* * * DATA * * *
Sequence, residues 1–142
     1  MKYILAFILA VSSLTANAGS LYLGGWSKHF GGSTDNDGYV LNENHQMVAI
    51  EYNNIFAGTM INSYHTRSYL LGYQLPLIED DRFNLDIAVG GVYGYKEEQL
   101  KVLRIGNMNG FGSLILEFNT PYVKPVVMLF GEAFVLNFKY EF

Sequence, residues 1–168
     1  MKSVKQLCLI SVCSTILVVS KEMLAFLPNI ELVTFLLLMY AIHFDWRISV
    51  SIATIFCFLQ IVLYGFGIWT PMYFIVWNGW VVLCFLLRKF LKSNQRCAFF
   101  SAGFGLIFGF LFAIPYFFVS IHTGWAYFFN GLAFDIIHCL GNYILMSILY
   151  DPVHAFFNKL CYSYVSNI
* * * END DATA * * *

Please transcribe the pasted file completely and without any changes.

Sequence, residues 1–142
     1  MKYILAFILA VSSLTANAGS LYLGGWSKHF GGSTDNDGYV LNENHQMVAI
    51  EYNNIFAGTM INSYHTRSYL LGYQLPLIED DRFNLDIAVG GVYGYKEEQL
   101  KVLRIGNMNG FGSLILEFNT PYVKPVVMLF GEAFVLNFKY EF

Sequence, residues 1–168
     1  MKSVKQLCLI SVCSTILVVS KEMLAFLPNI ELVTFLLLMY AIHFDWRISV
    51  SIATIFCFLQ IVLYGFGIWT PMYFIVWNGW VVLCFLLRKF LKSNQRCAFF
   101  SAGFGLIFGF LFAIPYFFVS IHTGWAYFFN GLAFDIIHCL GNYILMSILY
   151  DPVHAFFNKL CYSYVSNI